Dale Carnegie taught that the secret to communication—whether verbal or written—is to see things from the point of view of your message’s recipient. But why is this important? After all, if you need to tell someone what you want, shouldn’t you just tell them what that is? Well, yes, but there are different ways to do this. Consider the following examples of an interoffice memo, all of which are supposed to bring about the same result:
This is HR. Give us today’s files RIGHT NOW OR ELSE!!
This approach may produce varying results, but it’s unlikely to foster the cooperation you’re after. Of course most HR departments wouldn’t send a memo like this. However, some might send one that was along these lines:
We need the files today, thanks.
Problem: Who needs the files? Which files do they need? How soon today do they need them? This happens a lot more than it should. People get a memo and wonder exactly what it is they’re supposed to do. When this happens, someone (often middle management) has to take the time to figure out where the memo came from, which person in the department sent it, and what is it they’re trying to make happen.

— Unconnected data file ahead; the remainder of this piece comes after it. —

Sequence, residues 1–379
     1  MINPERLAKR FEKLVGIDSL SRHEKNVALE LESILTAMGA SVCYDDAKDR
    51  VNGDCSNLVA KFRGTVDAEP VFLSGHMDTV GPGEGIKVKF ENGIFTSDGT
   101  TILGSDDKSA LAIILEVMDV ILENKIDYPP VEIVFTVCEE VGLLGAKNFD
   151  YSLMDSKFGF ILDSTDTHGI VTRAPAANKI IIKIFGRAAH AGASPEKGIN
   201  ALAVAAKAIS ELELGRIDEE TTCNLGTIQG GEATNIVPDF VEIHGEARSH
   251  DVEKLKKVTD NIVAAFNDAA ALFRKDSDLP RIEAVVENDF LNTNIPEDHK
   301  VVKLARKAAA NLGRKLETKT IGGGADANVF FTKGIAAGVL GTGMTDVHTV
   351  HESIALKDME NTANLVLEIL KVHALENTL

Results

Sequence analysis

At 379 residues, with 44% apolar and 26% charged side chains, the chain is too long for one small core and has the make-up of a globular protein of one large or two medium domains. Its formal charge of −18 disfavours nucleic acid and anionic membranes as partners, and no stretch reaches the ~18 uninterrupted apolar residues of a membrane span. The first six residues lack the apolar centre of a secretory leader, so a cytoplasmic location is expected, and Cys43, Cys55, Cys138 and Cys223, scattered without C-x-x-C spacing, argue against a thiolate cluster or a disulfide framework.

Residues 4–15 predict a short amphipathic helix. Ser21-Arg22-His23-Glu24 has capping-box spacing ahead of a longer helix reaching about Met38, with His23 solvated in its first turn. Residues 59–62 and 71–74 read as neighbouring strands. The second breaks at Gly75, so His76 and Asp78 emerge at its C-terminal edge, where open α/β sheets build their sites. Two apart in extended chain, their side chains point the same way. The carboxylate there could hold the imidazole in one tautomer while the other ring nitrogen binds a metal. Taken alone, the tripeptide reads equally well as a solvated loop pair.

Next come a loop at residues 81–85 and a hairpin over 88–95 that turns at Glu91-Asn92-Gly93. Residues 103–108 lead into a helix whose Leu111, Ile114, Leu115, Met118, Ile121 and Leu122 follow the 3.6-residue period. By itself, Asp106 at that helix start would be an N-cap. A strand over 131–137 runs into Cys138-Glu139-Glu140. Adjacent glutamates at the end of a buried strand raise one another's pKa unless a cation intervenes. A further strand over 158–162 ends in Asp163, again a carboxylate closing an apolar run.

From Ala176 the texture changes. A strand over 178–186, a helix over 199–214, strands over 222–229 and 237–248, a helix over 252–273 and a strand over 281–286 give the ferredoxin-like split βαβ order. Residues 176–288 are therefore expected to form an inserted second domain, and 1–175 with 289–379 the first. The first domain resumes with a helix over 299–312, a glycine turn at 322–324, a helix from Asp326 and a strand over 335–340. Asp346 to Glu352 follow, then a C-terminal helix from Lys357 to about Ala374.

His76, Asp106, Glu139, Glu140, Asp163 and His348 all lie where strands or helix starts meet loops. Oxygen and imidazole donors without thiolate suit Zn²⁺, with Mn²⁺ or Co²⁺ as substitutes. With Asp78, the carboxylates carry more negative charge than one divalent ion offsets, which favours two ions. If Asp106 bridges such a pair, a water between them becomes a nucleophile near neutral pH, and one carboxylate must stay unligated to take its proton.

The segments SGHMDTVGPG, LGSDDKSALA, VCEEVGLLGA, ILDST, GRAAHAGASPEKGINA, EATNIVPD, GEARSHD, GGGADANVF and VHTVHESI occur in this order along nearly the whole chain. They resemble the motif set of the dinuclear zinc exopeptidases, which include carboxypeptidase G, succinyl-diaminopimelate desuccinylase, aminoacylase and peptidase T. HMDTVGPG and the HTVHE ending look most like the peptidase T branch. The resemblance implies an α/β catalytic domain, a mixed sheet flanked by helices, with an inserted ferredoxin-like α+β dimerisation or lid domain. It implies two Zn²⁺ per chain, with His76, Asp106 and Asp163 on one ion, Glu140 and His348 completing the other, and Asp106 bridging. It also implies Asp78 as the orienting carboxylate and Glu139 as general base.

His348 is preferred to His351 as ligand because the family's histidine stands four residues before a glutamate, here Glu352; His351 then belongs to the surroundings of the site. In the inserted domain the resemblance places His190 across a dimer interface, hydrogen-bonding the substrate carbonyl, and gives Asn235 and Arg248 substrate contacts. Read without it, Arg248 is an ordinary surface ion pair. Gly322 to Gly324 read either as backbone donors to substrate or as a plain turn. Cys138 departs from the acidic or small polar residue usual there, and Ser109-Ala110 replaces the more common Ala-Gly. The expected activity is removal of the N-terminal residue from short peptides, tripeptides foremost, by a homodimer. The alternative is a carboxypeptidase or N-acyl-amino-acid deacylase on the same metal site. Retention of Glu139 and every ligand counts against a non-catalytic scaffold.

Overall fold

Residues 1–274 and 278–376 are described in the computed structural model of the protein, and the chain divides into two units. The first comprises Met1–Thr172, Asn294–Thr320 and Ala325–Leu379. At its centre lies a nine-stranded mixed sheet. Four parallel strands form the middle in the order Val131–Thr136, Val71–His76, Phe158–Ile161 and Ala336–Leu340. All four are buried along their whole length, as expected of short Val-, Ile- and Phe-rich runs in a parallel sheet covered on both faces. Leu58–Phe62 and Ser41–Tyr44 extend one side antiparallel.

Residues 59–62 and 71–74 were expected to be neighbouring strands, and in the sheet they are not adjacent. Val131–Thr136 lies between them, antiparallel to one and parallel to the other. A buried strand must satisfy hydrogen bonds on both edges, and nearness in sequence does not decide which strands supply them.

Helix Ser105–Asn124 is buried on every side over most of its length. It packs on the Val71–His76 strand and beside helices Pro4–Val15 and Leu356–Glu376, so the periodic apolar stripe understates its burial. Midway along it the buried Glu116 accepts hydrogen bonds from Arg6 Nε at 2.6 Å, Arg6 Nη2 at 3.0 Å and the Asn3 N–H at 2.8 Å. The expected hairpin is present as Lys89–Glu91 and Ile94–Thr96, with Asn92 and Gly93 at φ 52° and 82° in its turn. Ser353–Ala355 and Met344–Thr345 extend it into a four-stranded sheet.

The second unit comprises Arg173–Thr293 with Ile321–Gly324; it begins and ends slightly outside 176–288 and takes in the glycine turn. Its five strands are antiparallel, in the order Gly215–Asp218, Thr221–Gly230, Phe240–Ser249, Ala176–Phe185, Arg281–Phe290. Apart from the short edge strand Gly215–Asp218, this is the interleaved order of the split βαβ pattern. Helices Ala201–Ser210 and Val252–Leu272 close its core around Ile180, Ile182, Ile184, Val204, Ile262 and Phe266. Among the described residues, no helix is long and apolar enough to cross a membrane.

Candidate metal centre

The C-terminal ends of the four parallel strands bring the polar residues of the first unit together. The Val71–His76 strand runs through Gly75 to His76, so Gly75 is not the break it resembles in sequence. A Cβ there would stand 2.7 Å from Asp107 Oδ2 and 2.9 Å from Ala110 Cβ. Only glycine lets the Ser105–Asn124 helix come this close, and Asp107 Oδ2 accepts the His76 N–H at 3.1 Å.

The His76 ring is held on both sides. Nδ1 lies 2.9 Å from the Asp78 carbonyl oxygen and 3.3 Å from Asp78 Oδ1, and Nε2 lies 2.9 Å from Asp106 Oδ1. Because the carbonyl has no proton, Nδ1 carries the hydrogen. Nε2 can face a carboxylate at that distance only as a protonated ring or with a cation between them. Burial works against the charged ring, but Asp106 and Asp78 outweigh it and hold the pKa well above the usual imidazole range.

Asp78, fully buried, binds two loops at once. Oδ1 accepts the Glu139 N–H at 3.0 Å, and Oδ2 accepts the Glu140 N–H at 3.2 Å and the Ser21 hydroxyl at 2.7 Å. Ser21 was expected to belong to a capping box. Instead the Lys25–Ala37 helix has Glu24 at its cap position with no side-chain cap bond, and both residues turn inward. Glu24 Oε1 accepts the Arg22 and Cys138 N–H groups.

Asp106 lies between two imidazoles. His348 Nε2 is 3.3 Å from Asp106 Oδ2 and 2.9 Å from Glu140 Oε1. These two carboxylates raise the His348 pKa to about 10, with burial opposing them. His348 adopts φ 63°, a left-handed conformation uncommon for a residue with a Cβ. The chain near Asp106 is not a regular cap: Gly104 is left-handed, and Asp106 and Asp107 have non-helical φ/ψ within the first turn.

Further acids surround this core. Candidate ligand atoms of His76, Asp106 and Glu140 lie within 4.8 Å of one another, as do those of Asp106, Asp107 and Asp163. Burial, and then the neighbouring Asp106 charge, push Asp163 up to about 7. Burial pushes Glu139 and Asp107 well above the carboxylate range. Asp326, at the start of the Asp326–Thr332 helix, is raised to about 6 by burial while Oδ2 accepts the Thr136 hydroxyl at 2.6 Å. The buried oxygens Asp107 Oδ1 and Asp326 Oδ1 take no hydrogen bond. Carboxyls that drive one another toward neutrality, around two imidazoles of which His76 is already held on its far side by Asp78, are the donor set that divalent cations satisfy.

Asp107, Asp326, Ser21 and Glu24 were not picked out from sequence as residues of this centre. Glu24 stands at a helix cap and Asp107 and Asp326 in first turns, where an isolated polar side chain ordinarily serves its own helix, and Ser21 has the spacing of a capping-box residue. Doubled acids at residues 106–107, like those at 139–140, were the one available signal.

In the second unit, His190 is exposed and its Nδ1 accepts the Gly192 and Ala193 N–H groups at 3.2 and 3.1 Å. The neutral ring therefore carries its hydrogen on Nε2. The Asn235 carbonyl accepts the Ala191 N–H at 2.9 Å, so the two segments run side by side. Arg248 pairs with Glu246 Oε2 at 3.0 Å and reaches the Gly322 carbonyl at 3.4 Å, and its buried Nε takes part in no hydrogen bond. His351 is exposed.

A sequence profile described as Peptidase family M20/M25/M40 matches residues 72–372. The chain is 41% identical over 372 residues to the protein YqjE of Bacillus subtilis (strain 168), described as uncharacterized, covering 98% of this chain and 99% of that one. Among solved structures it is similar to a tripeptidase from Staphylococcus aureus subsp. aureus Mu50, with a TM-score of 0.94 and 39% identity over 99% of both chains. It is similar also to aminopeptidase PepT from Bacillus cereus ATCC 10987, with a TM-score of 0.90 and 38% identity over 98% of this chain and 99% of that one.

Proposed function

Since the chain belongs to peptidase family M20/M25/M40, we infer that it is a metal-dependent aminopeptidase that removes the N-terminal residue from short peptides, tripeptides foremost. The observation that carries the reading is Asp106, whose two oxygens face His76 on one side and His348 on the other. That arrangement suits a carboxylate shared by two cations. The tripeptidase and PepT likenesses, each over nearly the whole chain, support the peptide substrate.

Now consider the memo in this form:
Please send today’s management summary reports to HR by 3 p.m.
Kathy, HR Director
Why is this method better? Several reasons. First, it starts with the magic word: Please. Next, it explains specifically, clearly, and concisely what the desired action is, and also includes a deadline. Finally, it concludes by thanking the people from whom you’re requesting something (always a good idea!), and it is signed, so you know who it is you’re dealing with.
The Golden Rule (Do unto others as you would have them do unto you) works remarkably well in business writing. Whether it’s a memo, an email, a report, or other business correspondence, think before you send: If I received what I’m about to send to someone else, would I act in the way that I want them to act for me? If not, better take the time to make some revisions.